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IRC client finds a small reminder of home in Wichita

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For over two years, IRC Wichita has had a partnership with Bike Walk Wichita (BWW), a local non-profit committed to promoting safe cycling and walking for Wichita residents. BWW repairs used bicycles and then donates them to individuals in the community. Some of those fortunate enough to receive bicycles include refugees who have been resettled in Wichita. In addition to the bicycle, BWW provides instructional sessions, taught by BWW certified volunteers, about riding in the city, proper safety equipment, and appropriate bicycle etiquette. BWW volunteers are League Cycling Instructors, certified by the League of American Bicyclists, a national organization. 

During the classes, IRC clients choose a bicycle. They can choose from an array of any refurbished bike that BWW has at the time. They are also provided with safety gear. Once the indoor safety class is complete, a short ride around town completes the fun. During these sessions, BWW also sits with clients and map out safe routes of travel, from home to IRC for example, or to their place of employment.

One afternoon, a new client Abdul traveled with Carey Hobart, a volunteer from BWW,  to BWW to pick out bikes for he and his family.  Along the way, Abdul began to describe his home in Afghanistan and the bicycle shop that he owned. In Afghanistan, Abdul began repairing bicycles in 2003. By 2006 he was proficient as a bicycle mechanic and moved to a downtown location, where he could work in the community with his brother and other malgari - meaning ‘friend’ in Pashto - who would also occasionally come by to help. In the same building, where he also worked as a carpenter. Abdul used both of these skills for the next eleven years in helping the U.S. Army in the community, as they needed.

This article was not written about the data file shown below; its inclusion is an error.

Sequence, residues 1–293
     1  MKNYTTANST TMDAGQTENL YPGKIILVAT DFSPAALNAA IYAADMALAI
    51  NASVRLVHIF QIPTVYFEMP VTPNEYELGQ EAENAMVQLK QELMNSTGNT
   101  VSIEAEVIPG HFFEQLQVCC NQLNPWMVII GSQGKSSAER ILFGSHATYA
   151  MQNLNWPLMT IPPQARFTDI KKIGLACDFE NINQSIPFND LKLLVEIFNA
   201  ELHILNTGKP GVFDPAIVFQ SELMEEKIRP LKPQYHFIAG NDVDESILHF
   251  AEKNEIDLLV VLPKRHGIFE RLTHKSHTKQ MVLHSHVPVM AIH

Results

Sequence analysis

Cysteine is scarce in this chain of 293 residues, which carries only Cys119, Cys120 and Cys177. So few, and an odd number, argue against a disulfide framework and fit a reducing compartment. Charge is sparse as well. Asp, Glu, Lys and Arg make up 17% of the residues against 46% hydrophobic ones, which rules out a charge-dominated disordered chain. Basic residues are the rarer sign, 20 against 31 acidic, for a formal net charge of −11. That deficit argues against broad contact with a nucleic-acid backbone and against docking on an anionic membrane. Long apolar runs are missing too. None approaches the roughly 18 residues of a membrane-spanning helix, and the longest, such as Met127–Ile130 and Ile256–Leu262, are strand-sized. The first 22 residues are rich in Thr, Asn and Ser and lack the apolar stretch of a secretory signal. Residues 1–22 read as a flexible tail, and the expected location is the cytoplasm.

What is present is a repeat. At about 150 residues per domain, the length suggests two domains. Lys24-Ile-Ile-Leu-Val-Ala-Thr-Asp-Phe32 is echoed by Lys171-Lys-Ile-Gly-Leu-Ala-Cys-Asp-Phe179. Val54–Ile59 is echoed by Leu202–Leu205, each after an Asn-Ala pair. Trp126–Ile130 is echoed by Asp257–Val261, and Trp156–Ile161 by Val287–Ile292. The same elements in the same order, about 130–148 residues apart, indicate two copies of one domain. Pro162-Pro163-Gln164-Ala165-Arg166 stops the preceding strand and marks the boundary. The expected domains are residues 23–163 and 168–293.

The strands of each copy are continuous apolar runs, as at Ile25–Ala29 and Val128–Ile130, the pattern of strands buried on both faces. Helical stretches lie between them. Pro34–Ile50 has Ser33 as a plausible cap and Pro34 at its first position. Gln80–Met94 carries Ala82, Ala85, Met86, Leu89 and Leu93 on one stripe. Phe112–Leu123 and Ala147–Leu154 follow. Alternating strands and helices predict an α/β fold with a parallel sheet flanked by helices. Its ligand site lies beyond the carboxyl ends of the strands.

While in Afghanistan, Abdul was motivated by supporting his family, Abdul chose to be a bike mechanic as it was something easy for him to learn and would provide him with an income. When Abdul’s children weren’t in school they would help him in the shop, bringing the tools for him and learning about bicycle repair. Abdul also built new bicycles from new parts and would sell these, in addition to used bicycles.

Upon arriving at BWW, and after taking in the array of bikes and tools, Abdul chose bikes for himself and his children. Then he noticed a bike wheel lying on the floor. Hobart explained some of the repair work that BWW does, and showed him the truing machine used to straighten bike rims. Abdul sat down comfortably in front of the machine and Carey gave him the tool he needed to work on the bicycle spokes. He measured and tweaked the spokes, and in less than 15 minutes, he had a straight bicycle wheel.  Abdul was so excited about the bike shop that he has now volunteered to help repair bicycles.

The staff and clients of the IRC in Wichita are thankful to the volunteers and supporters of Bike Walk Wichita for their willingness to #StandWithRefugees and in making #RefugeesWelcome in Wichita.

For more information about Bike Walk Wichita please visit their website at: www.BikeWalkWichita.org.